The speaker was hunched over his writing desk set off to the side, as were our observer chairs – unlike almost all of the other Leaders he eschewed a place at the huge narrow, but, it seemed, infinitely long, rectangular table that filled the meeting room (although there were a few others who chose his type of workspace) – and he had just dipped his quill into his pot of ink when word had arrived that a meeting had been called.
He was fairly short and dumpy, and was bald at the major central part of his head, the baldness being compensated by flowing locks down below the crown of his pate; it was a genuinely eighteenth century look.
“I think it was The President” a short, trim fellow in the uniform of eighteenth century artillery general’s uniform replied.
(Actually, he said something such as “je pense il etait le president”, and that statement was uttered with a heavy Corsican accent. But this apparently was a post-life group, and language had become subliminally understandable to all of its members.)
As if in support of that assertion, a very tall, very dignified man in a blue revolutionary war American uniform entered the room.
He had apparently heard the question - and the answer - because he said “ It has been coming to us that that which we had expected to happen in only a few years and that which Thomas had always said was necessary for the refreshment of our society - that we tear up the document and start over – has finally after much longer than we had thought has begun to happen”.
“Therefore, as a member of this Council – we being an aggregate of equals – The council of The Leaders, I have asked for a plenary session to summon a representative from the Twenty First Century (a mild rumble of sound accompanied the mention of that century) to explain the problem so that we may rectify it.”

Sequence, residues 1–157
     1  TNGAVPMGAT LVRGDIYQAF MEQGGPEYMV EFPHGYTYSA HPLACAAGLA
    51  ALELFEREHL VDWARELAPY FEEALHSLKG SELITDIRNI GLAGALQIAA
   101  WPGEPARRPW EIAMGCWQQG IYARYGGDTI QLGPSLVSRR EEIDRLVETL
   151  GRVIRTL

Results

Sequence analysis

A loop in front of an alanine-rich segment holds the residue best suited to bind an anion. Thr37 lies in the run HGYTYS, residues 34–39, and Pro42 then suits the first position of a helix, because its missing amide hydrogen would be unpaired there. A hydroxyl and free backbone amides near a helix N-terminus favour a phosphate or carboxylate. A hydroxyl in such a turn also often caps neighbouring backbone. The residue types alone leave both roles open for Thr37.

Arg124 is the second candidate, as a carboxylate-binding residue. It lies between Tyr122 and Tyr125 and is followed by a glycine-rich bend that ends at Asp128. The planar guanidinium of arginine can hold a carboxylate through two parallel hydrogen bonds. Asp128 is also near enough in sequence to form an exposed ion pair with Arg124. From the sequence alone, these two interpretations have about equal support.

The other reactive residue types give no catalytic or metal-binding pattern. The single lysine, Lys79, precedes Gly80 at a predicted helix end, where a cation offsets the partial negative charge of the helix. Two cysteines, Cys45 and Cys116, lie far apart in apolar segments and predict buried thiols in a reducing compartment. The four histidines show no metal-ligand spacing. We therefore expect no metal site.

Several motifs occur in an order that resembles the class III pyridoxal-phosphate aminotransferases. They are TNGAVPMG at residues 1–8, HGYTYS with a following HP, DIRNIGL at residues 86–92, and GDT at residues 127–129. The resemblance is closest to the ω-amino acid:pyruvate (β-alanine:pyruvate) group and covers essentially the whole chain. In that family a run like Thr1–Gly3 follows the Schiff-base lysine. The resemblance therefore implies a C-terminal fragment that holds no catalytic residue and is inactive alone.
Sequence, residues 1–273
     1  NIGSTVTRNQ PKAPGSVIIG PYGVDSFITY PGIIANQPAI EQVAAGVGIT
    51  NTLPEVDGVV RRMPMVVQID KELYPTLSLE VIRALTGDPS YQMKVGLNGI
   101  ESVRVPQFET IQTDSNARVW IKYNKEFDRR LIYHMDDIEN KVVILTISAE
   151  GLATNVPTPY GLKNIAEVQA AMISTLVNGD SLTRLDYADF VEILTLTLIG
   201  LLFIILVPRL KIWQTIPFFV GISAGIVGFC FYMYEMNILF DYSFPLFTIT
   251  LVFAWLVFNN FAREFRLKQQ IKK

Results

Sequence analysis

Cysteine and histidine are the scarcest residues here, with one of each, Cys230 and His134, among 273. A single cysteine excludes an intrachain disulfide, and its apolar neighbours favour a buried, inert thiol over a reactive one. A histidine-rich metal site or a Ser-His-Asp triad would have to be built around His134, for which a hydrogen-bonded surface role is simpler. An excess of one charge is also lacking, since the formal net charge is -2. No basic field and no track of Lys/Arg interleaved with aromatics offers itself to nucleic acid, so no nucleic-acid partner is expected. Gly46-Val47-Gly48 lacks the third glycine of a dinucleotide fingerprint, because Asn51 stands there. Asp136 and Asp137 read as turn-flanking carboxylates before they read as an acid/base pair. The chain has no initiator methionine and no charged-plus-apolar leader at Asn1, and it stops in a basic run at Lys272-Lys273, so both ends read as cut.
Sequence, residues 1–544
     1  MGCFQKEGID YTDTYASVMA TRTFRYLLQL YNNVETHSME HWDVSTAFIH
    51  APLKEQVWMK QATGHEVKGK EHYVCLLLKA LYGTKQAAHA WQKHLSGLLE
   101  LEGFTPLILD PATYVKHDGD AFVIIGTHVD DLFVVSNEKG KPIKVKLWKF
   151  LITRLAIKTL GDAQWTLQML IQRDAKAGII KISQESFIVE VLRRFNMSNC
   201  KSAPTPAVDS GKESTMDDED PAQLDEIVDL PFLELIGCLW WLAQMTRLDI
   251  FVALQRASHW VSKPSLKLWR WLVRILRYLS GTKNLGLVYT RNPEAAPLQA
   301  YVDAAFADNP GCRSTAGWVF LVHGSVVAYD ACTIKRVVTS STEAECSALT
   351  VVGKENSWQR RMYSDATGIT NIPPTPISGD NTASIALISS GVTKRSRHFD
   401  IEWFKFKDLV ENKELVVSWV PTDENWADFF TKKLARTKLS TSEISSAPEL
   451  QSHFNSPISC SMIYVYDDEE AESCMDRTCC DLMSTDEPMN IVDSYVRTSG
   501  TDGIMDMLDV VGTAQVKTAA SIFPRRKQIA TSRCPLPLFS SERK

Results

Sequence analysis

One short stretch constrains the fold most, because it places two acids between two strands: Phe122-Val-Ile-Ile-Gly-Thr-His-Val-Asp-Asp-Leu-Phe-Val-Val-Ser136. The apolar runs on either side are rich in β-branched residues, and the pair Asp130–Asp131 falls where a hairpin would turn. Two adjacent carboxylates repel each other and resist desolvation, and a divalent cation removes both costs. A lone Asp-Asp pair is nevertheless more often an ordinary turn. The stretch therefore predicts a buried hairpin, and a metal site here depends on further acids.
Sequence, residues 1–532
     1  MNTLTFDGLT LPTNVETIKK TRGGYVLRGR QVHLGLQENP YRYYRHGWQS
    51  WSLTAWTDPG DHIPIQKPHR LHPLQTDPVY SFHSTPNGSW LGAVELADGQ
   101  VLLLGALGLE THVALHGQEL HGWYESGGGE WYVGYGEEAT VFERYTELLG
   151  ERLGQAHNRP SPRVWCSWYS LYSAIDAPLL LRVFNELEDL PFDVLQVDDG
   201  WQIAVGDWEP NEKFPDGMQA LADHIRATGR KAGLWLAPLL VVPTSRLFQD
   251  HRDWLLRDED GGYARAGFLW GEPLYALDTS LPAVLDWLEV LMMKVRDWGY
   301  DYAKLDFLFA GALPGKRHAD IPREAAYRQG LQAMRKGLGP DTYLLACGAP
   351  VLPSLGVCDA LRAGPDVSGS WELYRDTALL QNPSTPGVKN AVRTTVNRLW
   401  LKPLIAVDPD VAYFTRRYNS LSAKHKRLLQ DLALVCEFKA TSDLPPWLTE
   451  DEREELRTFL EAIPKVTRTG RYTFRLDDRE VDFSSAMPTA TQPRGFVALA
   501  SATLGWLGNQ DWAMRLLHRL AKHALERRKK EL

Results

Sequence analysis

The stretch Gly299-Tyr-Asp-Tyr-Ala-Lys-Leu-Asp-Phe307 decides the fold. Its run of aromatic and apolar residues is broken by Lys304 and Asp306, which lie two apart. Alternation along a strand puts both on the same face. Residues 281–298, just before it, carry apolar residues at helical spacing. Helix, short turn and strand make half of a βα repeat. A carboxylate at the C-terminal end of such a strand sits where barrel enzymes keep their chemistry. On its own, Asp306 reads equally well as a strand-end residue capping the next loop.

“Here, Here” was the rising cry as the members took their seats, or in a few cases, their writing desks and prepared to discuss what should be done.
“Since you all know my discomfort with extensive public speaking, I ask that you allow me to delegate leadership of the discussion” said The President.
Since the Council of Leaders was, as The President had previously said, a council of equals, anyone could call a session, and the protocol followed that he, or she who called the meeting, chaired the meeting, and led any discussion that the meeting generated.
But that protocol also allowed for unusual cases to accommodate members’ unique requirements. It allowed the delegation of a meeting’s leadership in special cases.
This was one of those cases. The President was not a speaker; he was a leader. And he accomplished the things he accomplished through his influence on others, not on his rhetoric.
So the protocol was invoked.
The protocol said that once such a delegation request had been made, it followed that there would be an automatic and proforma unanimous agreement by vocal acclamation.
“Hear, hear” said the chorus of voices that rose from the assembled Council.
“I would like to ask Winston to chair for me, in that case.”
An older gentleman with something of a stooped posture, wearing what appeared to be a British naval uniform from the Twentieth Century left a writing desk and took has position at the rostrum in the dead middle of the vast meeting room – it was enclosed by that gigantic rectangular table that squared the room. A small opening in that table at its apparent head was the access point that had allowed Sir Winston to take his place.
“I am honored, Mr. President; let’s be on with it then, shall we?” he said.
“I once had a similar duty assigned to me in The House of Commons and I was confronted then, as I am now, with the need to ask this question: Mr. President, with all due deference to your aversion for public speaking, we nonetheless need to have some indication of the case you perceive to be at hand. Could you, therefore enlighten us? You, of course, may be succinct.”